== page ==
• Doesn’t need to establish a connection between the client and the server
    • Not super realiable. If you lose packets, they are gone forever (on some kinds of applications, this is not a big issue)

Having these in mind, we can choose the transport protocol to be implemented based on the product needs.

4. “to SQL or to NoSQL” - Buda, probably

To decide between both, you have to take into account what kind of data you’re dealing with and also potential needs for horizontal scalability. The tradeoffs here are:

  • SQL
    • Structured data
    • Based on a static schema
    • Great for complex and reliable transactions
    • Scales well vertically
  • NoSQL
    • Unstructured data
    • Based on a dynamic schema
    • Great for scalability
    • Scales well horizontally

Scalability is a very important trait to consider when designing a system. Of course the amount of users that write to and read from your site will change over time, but you can make an estimation and decide based on it at first. SQL doesn’t scale well horizontally because it follows the A.C.I.D principles for transactions to ensure they are Atomic, Consistent, Isolated and Durable. This doesn’t work well when you have to keep data in multiple SQL databases.

5. What about Load Balancers?

The main goal of a load balancer is to distribute, based on an algorithm, server requests loads between multiple servers, avoiding overloading a single instance and also allowing the possibility to always send the same user requests to the same server instance based on consistent hashing.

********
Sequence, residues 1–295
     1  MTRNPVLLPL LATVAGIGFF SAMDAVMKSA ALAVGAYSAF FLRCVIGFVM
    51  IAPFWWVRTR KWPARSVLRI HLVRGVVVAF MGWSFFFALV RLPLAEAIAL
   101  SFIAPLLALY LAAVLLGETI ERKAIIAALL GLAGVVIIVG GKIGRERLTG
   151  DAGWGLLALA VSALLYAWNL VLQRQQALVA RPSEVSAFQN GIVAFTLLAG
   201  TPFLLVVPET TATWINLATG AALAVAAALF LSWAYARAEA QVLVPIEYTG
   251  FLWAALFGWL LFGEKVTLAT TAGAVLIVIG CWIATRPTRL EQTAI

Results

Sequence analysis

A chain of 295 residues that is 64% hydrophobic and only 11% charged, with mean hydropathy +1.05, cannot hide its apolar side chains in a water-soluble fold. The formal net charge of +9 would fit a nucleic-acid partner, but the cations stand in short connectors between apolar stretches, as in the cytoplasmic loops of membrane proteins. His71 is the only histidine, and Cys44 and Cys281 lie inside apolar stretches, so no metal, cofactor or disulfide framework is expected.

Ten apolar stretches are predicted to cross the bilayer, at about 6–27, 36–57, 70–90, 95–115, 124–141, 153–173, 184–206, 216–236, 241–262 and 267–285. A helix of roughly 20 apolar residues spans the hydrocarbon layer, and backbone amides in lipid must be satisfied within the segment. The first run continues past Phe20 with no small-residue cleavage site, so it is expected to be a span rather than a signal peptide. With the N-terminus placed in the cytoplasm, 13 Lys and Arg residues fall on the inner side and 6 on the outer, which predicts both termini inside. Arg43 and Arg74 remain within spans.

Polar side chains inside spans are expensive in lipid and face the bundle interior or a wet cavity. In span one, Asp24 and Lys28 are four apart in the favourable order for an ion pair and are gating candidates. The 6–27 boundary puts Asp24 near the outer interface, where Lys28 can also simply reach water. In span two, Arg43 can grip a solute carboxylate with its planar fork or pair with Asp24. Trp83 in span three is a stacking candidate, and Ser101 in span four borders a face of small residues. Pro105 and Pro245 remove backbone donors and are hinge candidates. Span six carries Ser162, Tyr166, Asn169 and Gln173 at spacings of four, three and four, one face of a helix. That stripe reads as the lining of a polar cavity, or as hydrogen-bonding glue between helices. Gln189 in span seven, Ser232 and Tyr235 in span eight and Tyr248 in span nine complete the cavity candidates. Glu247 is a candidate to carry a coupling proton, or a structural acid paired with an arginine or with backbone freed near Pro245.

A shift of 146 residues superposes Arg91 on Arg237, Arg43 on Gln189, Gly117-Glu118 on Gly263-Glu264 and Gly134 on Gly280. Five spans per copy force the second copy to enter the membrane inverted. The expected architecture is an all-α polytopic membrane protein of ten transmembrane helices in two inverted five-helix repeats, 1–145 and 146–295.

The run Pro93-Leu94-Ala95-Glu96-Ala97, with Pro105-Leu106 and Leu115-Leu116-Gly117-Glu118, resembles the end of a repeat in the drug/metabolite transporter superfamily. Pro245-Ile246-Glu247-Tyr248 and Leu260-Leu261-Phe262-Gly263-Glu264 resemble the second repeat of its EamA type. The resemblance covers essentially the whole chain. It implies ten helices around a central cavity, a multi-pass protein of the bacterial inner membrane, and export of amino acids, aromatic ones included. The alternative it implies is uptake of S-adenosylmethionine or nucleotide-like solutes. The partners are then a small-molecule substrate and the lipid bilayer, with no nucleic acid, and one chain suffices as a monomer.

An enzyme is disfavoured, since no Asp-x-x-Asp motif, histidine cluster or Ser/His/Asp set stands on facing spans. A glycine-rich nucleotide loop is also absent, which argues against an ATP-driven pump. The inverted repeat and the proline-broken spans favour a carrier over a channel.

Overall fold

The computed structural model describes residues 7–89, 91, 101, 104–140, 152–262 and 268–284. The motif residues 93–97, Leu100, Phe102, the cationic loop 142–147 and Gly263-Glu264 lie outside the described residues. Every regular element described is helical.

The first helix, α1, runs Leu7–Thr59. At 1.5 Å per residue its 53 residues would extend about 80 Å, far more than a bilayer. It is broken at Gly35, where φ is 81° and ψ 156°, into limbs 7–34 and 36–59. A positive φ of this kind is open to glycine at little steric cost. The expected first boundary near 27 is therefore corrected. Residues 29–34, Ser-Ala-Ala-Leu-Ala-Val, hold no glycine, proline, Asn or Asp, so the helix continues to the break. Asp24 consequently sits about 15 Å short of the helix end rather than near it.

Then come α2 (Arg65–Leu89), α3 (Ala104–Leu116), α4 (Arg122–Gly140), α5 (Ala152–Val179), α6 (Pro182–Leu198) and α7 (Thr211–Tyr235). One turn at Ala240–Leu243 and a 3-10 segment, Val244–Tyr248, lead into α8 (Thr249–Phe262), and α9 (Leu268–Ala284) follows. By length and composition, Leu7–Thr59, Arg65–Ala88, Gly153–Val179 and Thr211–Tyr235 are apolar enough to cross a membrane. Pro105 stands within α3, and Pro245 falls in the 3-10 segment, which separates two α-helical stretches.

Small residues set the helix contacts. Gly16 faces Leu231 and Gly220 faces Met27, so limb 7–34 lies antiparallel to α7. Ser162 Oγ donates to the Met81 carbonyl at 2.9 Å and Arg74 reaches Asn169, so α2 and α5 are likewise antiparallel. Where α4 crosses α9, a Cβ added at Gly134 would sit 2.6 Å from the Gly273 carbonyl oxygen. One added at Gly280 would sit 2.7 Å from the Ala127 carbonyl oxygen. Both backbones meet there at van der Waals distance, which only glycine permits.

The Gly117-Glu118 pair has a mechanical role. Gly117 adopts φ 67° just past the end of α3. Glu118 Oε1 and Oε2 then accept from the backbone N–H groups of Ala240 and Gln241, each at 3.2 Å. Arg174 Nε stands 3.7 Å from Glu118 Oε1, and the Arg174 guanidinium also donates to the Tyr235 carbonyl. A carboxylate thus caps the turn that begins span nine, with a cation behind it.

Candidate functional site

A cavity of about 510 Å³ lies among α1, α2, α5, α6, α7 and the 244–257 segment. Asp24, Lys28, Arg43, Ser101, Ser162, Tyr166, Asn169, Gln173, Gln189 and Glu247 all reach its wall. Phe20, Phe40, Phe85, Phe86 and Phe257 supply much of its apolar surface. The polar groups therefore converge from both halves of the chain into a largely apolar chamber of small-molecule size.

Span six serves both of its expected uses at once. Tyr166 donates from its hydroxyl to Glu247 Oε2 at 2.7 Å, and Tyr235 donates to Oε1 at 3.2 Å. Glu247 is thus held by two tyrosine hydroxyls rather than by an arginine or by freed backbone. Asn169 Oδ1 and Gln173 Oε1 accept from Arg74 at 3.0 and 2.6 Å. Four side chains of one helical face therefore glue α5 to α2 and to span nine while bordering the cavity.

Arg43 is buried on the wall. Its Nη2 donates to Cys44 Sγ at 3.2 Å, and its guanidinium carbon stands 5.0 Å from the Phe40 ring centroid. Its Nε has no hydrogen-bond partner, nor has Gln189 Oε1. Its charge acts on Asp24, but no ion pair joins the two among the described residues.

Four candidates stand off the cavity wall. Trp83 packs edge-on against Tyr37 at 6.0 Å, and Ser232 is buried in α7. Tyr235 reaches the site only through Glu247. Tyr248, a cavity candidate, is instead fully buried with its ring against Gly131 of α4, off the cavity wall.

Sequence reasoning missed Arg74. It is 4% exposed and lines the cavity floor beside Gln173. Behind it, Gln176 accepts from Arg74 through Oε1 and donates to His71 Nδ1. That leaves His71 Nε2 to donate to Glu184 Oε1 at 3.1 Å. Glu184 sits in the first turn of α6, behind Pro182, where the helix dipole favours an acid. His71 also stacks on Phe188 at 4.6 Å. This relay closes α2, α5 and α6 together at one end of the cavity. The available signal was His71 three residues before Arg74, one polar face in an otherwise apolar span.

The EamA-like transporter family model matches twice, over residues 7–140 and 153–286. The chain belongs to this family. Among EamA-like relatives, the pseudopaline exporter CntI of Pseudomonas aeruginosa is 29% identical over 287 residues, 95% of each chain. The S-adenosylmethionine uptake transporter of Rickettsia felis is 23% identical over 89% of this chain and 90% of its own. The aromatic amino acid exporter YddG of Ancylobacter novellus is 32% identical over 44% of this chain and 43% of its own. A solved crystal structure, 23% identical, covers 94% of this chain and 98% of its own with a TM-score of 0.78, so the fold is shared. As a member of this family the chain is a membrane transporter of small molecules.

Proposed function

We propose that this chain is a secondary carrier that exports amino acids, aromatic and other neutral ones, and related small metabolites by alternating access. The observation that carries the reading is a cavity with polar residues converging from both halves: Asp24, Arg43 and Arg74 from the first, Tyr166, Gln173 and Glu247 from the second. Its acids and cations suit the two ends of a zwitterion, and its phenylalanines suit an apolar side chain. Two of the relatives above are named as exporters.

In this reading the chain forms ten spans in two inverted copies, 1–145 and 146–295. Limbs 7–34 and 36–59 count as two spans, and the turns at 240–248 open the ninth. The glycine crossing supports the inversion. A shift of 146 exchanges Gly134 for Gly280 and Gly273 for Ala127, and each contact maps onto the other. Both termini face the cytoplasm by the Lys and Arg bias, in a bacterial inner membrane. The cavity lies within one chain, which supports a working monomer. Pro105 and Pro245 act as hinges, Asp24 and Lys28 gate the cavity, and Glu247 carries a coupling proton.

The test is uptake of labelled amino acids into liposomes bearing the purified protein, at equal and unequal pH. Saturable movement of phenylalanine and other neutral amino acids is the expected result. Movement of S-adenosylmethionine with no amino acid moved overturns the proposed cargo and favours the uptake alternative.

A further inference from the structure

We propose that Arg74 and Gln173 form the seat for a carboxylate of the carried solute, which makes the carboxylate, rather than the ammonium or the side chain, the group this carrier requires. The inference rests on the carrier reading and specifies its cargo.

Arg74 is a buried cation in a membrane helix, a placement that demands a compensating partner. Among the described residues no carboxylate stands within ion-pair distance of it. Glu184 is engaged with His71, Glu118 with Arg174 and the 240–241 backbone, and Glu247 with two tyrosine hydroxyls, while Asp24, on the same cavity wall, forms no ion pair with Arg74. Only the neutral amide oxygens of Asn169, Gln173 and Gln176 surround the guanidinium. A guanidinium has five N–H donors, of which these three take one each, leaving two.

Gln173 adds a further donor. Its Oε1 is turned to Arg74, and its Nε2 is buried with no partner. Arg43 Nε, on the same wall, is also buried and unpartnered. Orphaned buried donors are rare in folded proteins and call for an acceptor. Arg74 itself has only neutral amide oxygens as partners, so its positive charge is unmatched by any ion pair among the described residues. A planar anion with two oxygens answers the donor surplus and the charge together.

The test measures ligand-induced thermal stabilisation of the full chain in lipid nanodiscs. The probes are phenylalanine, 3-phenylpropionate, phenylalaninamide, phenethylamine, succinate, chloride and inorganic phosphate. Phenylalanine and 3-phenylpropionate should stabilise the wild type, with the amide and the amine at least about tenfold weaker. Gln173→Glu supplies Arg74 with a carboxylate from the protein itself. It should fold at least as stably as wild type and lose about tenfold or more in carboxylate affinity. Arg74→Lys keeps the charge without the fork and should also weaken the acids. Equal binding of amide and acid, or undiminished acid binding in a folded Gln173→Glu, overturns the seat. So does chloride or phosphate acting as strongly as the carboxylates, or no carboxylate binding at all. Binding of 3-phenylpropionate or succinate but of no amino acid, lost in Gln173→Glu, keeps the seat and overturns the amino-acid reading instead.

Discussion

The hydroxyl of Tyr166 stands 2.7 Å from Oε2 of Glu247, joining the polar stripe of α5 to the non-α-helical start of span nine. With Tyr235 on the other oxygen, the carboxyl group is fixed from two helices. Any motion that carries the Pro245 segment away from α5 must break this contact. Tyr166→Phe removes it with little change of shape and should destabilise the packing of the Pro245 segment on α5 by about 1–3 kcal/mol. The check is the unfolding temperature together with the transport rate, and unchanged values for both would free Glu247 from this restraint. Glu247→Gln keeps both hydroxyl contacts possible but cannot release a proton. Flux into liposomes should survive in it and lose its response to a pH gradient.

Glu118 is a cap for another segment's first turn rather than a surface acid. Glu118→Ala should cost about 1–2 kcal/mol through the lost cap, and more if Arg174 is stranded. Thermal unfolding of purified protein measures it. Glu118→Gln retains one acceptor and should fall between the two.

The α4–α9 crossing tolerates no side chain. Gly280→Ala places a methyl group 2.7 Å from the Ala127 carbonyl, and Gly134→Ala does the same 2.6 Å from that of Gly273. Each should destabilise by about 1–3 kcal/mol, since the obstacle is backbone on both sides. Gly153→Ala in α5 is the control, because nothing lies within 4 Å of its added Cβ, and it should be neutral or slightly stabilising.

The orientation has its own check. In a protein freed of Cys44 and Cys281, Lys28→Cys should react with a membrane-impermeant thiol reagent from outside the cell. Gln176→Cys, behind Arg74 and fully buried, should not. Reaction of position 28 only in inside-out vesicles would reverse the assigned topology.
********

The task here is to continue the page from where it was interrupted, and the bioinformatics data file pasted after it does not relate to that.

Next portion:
Load Balancer representation diagram

If you have just one server instance, you are at risk of overloading that server, making it’s responses slow to all the users if it starts to receive too many requests. Also, having just one instance means your product is more susceptible to fails and unavailability. Having multiple server instances with a load balancer mitigates these problems and allows for horizontal scalability.

Given these facts, it’s always important to consider implementing a load balancer layer between your clients and your servers to allow for a better user experience and mitigate the effects of critical fails, avoiding bringing down the product completely.

6. Should we have a CDN?